A fifth systematic review of research (International Journal of Environmental Research and Public Health, 2023) reported a global decrease in physical activity levels associated with decreased well-being levels, modified eating habits and leisure time activity, and increased obesity, anxiety, and depression among adolescents during the COVID-19 pandemic.

The author’s concluded that physical activity is a significant health determinant and should be improved through the awareness of the benefits of regular physical activity and of the risks of sedentary behavior, as well as through support from family, friends, and teachers.

Recommendations included providing physical activity at school and promoting at-home physical activity options for increasing physical activity in all countries and settings.

 Read the review: https://www.mdpi.com/1660-4601/20/4/3275

Publication #6

The sixth and final review of research (Mental Health and Physical Activity, 2023) found that a range of physical activity intervention formats and modalities may decrease substance use and associated outcomes and increase physical activity participation among young people at risk for problematic substance use.

Sixty-one percent of the studies reported a significant improvement in outcomes related to tobacco (e.g., abstinence, cravings, withdrawal symptoms, smoking pattern), alcohol (e.g., quantity, frequency), or other substance use (e.g., frequency, quantity, recent use).

The author’s concluded that physical activity interventions may provide an accessible, engaging, and motivating treatment avenue for young people who do not identify their substance use as problematic.

Read the full paper: https://www.sciencedirect.com/science/article/pii/S1755296623000492

Conclusion & Implications for Prevention & Intervention

To summarize, the above research reviews indicated that:

  1. Exercise interventions can help as an axillary treatment for substance use disorders, including significantly alleviating anxiety and depression while improving cognitive functioning.
  2. Physical activity interventions increasing walking, jogging and running can reduce antisocial behavior in children and adults.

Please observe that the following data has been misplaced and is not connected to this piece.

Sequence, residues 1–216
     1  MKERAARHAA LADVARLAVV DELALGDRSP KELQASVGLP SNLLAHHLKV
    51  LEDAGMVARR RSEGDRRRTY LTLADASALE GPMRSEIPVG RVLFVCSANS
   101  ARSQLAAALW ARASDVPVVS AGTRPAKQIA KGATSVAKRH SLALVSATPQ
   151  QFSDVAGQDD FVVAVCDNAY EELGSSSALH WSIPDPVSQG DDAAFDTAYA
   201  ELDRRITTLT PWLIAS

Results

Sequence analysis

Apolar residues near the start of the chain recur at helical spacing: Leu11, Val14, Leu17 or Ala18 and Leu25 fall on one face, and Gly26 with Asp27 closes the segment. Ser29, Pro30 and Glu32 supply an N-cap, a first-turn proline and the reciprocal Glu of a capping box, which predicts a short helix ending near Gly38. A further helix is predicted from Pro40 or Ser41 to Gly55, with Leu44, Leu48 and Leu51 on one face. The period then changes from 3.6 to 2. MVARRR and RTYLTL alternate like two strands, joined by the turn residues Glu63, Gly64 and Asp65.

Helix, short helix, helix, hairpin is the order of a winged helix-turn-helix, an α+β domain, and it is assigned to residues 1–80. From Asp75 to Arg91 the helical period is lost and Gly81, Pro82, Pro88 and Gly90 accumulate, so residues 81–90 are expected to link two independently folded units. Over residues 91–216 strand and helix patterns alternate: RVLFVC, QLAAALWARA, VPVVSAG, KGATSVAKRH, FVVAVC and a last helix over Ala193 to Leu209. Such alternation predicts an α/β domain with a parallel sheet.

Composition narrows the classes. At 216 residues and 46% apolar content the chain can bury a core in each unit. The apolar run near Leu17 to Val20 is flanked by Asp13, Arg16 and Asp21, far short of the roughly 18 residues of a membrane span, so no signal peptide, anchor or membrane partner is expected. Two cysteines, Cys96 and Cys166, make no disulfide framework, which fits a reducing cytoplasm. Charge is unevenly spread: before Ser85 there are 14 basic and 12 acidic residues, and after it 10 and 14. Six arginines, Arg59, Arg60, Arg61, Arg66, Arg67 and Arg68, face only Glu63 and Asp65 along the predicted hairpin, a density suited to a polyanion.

3. The COVID-19 pandemic reduced physical activity which in turn decreased wellbeing levels of youth across the globe.
  4. A range of physical activity intervention formats may decrease substance use and associated outcomes among young people at risk for problematic substance use.
  5. Adolescents find exercise interventions acceptable, and that even a small increase (e.g., 20 minutes) can reduce substance use, including tobacco, alcohol and other drug consumption.

Implications for substance use prevention and intervention include:

  1. Individuals experiencing a substance use disorder should be provided with a physical activity intervention to help enhance treatment outcomes.
  2. Youth and adults with antisocial behavior, particularly anger/hostility, could benefit from a simple walking or running intervention.
  3. Schools, communities and families should provide opportunities, incentives and environments which promote various types of physical activity among youth to improve wellbeing and reduce substance use.
  4. Substance use prevention and intervention programs integrating a physical activity component may increase substance use outcomes as well as physical activity.
  5. Emphasizing physical activity and other healthy behaviors within substance use prevention and intervention programs may make them more acceptable to use in school settings, especially if they are brief and easy to implement.